For the first time in this Presidential campaign, Mitt Romney has laid out his vision of how he sees America. Unfortunately, he did so behind closed doors and speaking to financial supporters--and he did not lay out this vision voluntarily. His secretly taped remarks have gotten the Republican party even more worried about his chances of victory. He's so damaged them and their brand that I don't think even he believes that he can win.
But Romney didn't really say anything that the Republican party hasn't said before. For all the talk about Mitt Romney being a "RINO"--a "Republican in Name Only"--he has shown himself to be not just a good Republican, but the quintessential Republican: old, wealthy, and most importantly, resentful of how American is changing. As a CEO, you can tell people what to do. Now he is asking people he has never talked to or had a relationship with for their vote--and he doesn't know how to do it.
It's clear the Republican party has completely written off the black vote in this election. I don't blame them, though I don't think it's as simple as the fact that Obama is black. (Inversely, a June Gallup poll had President Obama at 13% among Mormons.) What's interesting is the Hispanic vote. Romney said that though "we can capture women's votes, we're having a much harder time with Hispanic voters." In other words, he's not getting the support from the Hispanic community that he thinks he "deserves".
On paper, the Hispanic community should be his bread and butter. These are people who left their countries to work menial jobs in a foreign land, or whose parents came to the US in search of opportunities they did not have back home. These are entrepreneurial actions. Yet the reason why this community is not going for Romney is because the Republican party is offering them nothing new--and the only old things they're offering is hate and anger. Those are things that every human being tries to avoid as much as possible!
The Republican convention did not offer innovative new arguments to vote for Mitt Romney. Rather, they offered cute little stories--but even the stories were old. Speaker after speaker talked about their parents, and how things used to be. As charming as these fairy tales were, they were of an era when minorities were seen and not heard. Why would anyone who is black or brown hearken back to that time?
As a comic, I of course enjoyed Clint Eastwood's performance immensely. Not since the days of Herman Cain (ain't it curious how he's not being trotted out?) has a Republican performance been so mortifying and edifying. You had a rich, out-of-touch white man spouting cliches, talking to people who aren't there. That's what today's GOP is like. They are speaking to a country that no longer exists, and absolutely refusing to tailor their message to the new minority-majority America.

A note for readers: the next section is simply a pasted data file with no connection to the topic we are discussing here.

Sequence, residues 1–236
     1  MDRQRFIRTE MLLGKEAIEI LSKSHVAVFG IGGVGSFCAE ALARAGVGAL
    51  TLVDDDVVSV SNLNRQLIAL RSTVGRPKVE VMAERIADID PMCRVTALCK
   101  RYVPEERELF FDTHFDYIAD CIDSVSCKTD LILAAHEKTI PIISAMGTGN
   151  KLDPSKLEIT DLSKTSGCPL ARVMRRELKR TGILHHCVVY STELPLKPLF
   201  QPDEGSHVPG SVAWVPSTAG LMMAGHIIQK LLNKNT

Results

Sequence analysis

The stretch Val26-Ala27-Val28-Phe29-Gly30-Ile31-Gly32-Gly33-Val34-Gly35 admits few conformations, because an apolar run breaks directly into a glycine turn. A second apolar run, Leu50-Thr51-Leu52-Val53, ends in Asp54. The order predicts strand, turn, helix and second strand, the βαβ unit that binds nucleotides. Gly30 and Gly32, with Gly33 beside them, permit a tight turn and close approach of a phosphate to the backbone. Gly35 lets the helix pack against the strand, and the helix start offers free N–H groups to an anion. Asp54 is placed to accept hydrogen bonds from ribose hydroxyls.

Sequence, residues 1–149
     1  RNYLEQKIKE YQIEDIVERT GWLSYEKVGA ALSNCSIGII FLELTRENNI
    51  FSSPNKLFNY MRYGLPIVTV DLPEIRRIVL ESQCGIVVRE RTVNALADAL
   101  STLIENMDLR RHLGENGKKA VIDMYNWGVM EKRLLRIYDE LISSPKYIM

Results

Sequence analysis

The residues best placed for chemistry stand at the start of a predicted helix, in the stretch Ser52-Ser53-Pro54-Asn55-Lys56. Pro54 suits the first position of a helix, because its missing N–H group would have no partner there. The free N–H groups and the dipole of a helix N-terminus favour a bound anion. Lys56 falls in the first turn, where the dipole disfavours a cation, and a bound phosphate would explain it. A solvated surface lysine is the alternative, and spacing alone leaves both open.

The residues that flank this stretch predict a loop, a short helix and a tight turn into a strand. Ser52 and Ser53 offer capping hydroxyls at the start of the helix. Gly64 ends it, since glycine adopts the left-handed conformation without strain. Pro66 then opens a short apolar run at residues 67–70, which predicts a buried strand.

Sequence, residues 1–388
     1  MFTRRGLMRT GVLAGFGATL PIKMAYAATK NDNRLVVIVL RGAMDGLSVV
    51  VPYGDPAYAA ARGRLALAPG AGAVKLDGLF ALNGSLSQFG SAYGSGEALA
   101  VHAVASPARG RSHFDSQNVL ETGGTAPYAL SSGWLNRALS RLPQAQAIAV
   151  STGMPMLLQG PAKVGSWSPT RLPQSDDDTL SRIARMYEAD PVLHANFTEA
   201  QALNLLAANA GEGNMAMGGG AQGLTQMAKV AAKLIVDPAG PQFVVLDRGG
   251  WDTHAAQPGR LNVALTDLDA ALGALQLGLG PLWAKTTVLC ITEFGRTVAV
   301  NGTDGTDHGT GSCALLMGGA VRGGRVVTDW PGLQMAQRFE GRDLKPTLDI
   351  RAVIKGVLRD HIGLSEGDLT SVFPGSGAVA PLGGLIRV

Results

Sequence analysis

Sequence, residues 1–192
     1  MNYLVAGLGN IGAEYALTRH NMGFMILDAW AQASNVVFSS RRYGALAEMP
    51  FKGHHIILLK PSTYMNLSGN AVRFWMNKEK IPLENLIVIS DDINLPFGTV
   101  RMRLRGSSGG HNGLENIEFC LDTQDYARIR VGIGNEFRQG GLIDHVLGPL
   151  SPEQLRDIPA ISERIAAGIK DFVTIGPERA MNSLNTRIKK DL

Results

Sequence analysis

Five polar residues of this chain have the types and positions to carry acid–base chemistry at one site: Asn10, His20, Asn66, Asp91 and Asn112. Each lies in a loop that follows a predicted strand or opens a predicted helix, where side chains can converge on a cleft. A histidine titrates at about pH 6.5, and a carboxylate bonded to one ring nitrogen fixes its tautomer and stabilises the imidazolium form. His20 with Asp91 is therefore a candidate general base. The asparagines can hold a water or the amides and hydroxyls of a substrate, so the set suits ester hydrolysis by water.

These are the same people who will constantly tell you that if a business does not change, it could and should go bankrupt. Laura Ingraham threw a preemptive tantrum last week, saying that the Republican party should fold if they lose the election. Wasn't that Romney's plan for GM? Didn't he say that they should declare bankruptcy, which would allow them to restructure and rebuild, and come back stronger than ever? Without a death, there can't be a resurrection. Until and unless the Republican party adapts to the times, until it recognizes the new American reality, it will become increasingly marginalized as our nation evolves.
No one can claim that Mitt Romney is unintelligent. I may not find his thinking to be particularly sophisticated, but I freely grant that he is a bright man, and an accomplished man. And his intelligence showed through in another one of his comments. Talking about his father, George Romney, Mitt said that had he "been born of Mexican parents I'd have a better shot at winning this, but he was unfortunately born of Americans living in Mexico." When a rich, white guy wants to be a Mexican, even for a little while, then you know that this is truly no country for old, white men.
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